The headlines are sensationalist: twenty-four people have died in a probiotic trial. Therefore, probiotics may be fatal. Throw those yoghurt shots away!
Or, let's just take a step back and think about this. There can be no denying that the news is shocking: Twenty-four deaths in a clinical trial procedure to treat acute pancreatitis with probiotics. But we need a measured and sensible response in order to avoid a consumer backlash based on these results, and to protect a valuable nutritional commodity.
The collective probiotic industry has been quick and right in its response, and displays a perfect example as to how to react to such situations.
Industry groups, most notably the International Probiotics Association (IPA) and the European Food and Feed Cultures Association (EFFCA), have been quick to put the results into context, without sounding defensive or patronising.
Both groups note that pancreatitis is a disease associated with high mortality rates, and the participants in the study were classified as critically ill. They also stress that the probiotics were fed via a tube straight into the intestine and employed as a 'drug' and not a nutritional supplement.
The benefits of probiotics are numerous, and the safety record is impeccable for the consumption of probiotics in foods, supplements and beverages when used according to manufacturers' recommendations in healthy and mildly ill people.
But the study, conducted in Holland between 2004 and 2007 with 296 participants, raises questions about the 'friendly bacteria'.
If you read only the headlines, as some people do, then you come away with quite a scary image: The Daily Telegraph ran with "'Friendly bacteria' products linked to 24 deaths", while United Press International had a similar feel, "Healthy bacteria may have caused 24 deaths". The news does look bad.
But the AFP was a bit more accurate and measured, running with "Dutch researchers warn against probiotics for pancreatitis." Let's ignore for the moment that most people wouldn't have a clue what pancreatitis is, but note that it sounds serious.
Based on previous smaller tests that showed that probiotics may reduce the rate of infection in the pancreas, researchers at the University Medical Centre Utrecht tested a probiotic blend in patients with pancreatitis.
Because it was a double blind study - which means neither patients or researchers knew whether they were in the control or experimental group - the findings that 24 people had died in the probiotic group, compared to nine in the control group, did not emerge until the end of the trial.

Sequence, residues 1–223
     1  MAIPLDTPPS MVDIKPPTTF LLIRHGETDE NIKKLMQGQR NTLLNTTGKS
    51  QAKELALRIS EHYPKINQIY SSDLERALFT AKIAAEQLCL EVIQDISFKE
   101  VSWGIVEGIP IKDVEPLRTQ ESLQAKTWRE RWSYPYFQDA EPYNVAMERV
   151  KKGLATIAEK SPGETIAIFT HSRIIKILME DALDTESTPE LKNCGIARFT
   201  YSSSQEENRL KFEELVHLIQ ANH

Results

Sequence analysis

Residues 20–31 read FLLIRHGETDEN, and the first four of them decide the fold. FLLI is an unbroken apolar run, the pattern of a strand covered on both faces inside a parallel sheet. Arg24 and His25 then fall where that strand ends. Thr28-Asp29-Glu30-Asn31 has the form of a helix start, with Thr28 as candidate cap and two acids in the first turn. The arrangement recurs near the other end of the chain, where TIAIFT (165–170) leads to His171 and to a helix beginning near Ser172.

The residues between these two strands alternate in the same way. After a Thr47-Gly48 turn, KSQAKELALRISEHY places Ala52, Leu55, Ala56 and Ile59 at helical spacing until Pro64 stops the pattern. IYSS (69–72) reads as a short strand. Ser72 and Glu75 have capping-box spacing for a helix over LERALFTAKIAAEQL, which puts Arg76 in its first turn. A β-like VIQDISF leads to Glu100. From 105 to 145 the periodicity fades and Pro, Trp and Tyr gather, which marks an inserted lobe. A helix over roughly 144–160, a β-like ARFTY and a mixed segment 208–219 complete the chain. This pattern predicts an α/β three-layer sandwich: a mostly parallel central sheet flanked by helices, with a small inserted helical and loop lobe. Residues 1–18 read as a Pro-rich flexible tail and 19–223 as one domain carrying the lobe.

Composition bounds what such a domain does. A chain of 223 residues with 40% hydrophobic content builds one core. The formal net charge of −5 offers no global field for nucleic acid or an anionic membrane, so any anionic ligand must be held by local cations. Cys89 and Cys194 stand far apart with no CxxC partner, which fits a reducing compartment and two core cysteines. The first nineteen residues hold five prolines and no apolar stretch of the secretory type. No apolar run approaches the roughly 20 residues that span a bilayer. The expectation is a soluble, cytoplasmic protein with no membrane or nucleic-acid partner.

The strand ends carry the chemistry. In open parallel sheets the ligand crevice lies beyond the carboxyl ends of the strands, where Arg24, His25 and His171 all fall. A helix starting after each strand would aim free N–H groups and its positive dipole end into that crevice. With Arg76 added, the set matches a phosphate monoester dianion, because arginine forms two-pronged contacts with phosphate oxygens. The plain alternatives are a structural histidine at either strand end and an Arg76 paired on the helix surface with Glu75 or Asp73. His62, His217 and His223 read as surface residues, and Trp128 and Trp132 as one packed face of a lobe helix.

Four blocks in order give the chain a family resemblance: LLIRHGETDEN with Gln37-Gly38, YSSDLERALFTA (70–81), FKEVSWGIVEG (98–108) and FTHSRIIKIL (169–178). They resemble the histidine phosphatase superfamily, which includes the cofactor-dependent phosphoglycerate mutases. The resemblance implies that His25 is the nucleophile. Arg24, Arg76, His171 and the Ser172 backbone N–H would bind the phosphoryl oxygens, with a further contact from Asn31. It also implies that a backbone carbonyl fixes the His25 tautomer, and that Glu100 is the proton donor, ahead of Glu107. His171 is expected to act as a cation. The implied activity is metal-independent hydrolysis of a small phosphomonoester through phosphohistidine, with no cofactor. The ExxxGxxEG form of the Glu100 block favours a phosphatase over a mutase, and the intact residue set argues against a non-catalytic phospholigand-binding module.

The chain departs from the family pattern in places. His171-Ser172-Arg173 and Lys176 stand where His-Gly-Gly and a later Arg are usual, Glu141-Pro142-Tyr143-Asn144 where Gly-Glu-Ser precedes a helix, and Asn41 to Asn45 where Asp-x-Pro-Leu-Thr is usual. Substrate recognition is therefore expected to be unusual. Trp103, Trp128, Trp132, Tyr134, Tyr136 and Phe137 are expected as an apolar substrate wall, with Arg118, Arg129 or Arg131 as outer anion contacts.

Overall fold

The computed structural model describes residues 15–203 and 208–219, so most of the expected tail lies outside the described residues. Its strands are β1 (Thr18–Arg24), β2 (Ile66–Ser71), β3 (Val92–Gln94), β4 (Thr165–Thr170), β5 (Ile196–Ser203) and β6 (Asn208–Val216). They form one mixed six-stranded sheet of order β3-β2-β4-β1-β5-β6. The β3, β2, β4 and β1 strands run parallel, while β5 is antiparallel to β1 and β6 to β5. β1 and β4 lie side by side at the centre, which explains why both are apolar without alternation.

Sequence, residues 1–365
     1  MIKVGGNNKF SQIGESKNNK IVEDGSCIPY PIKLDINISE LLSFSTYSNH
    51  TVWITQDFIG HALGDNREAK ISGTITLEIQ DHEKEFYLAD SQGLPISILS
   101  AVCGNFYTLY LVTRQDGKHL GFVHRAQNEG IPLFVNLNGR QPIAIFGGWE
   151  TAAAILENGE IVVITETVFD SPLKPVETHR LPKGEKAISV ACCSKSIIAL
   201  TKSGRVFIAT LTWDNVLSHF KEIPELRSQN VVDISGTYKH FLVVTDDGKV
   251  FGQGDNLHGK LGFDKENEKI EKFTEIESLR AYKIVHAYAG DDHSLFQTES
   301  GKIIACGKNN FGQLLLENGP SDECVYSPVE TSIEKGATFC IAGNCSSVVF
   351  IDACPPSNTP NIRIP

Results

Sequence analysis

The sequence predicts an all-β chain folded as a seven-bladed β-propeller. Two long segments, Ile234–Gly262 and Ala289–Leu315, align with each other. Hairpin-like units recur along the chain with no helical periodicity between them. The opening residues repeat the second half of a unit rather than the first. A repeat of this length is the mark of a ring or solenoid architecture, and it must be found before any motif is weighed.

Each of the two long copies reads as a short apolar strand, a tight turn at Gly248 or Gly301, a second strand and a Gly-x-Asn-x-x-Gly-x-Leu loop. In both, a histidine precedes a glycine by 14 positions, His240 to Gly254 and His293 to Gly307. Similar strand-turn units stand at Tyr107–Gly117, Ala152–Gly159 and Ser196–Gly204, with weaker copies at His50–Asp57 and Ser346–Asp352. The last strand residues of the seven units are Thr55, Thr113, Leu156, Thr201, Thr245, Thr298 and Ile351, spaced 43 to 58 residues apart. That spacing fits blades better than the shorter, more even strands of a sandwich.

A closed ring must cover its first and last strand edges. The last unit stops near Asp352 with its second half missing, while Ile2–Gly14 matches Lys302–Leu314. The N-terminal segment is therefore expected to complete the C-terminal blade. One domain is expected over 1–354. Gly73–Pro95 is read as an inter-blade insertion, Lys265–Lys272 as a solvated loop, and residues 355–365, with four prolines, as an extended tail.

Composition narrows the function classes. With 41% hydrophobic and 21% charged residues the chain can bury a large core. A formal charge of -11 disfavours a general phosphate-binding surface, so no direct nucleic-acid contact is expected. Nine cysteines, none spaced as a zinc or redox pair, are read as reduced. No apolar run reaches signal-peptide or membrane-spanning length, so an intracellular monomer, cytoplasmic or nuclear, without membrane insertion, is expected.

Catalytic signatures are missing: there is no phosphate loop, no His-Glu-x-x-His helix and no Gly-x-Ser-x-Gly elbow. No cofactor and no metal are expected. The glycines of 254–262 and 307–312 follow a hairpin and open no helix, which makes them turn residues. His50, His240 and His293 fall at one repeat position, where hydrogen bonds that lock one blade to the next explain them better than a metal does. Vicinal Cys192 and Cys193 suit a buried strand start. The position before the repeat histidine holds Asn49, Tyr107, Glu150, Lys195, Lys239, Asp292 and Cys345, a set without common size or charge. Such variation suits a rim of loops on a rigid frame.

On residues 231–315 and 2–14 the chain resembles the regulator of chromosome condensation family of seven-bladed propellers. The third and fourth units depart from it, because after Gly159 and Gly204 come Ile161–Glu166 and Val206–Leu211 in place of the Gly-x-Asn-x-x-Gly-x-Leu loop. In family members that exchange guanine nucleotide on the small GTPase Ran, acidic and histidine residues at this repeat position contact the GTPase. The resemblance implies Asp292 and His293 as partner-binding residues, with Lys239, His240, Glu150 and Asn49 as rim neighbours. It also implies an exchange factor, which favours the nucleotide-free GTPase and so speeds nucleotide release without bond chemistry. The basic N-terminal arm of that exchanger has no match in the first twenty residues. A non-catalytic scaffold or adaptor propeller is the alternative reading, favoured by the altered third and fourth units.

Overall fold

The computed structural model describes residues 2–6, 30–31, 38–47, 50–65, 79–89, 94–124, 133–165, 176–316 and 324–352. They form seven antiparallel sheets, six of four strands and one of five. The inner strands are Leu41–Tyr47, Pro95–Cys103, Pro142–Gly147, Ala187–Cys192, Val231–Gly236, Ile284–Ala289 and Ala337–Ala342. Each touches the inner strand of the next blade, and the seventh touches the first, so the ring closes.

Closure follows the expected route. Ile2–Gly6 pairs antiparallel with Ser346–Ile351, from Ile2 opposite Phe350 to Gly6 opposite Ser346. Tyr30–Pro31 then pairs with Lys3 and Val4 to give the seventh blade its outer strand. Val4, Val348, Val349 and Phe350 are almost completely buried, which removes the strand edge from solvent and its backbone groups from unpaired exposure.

So what went wrong? The details are too sketchy at present to allow us to draw any firm conclusions, and too many questions remain unanswered. Could you say it was irresponsible of the researchers to test probiotics in such a way in critically ill patients? Maybe, but that would be unfair - it is the responsibility of science to continue to explore other avenues of research.
Could we say it was an 'oversight' to take probiotics 'out of context', and employ the probiotic mixed strain as a drug and feeding them through a tube? Perhaps, but again that would be unfair.
The fact remains that probiotics have displayed significant benefits for a range of health conditions, and the safety record is exemplary when used by the average health consumer at recommended intakes.
A bigger issue?
As undesirable as the situation is, it may serve as an interesting example of expecting too much from nutritional supplements. Whether it's a probiotic, a pomegranate extract, an omega-3, or whatever, the bigger issue from these data may be that the benefit of nutrients is in the prevention, not cure of disease.
Probiotics are big business, particularly in Europe where the market is expected to more than double by 2013, according to Frost & Sullivan. Its Strategic Analysis of the European Food and Beverage Probiotics Market predicts a rise from its 2006 position of $61.7m (€45.4m) to $163.5m (€120.3m) by 2013.
Because industry and regulators have put the research in context and avoided the knee-jerk reaction of criticising the research and sounding overly defensive, potential damage to the burgeoning probiotic market, and the health benefits such products confer, should hopefully be negligible.
Stephen Daniells is the Science Editor for NutraIngredients.com and FoodNavigator.com. He has a PhD in Chemistry from Queen's University Belfast and has worked in research in the Netherlands and France.
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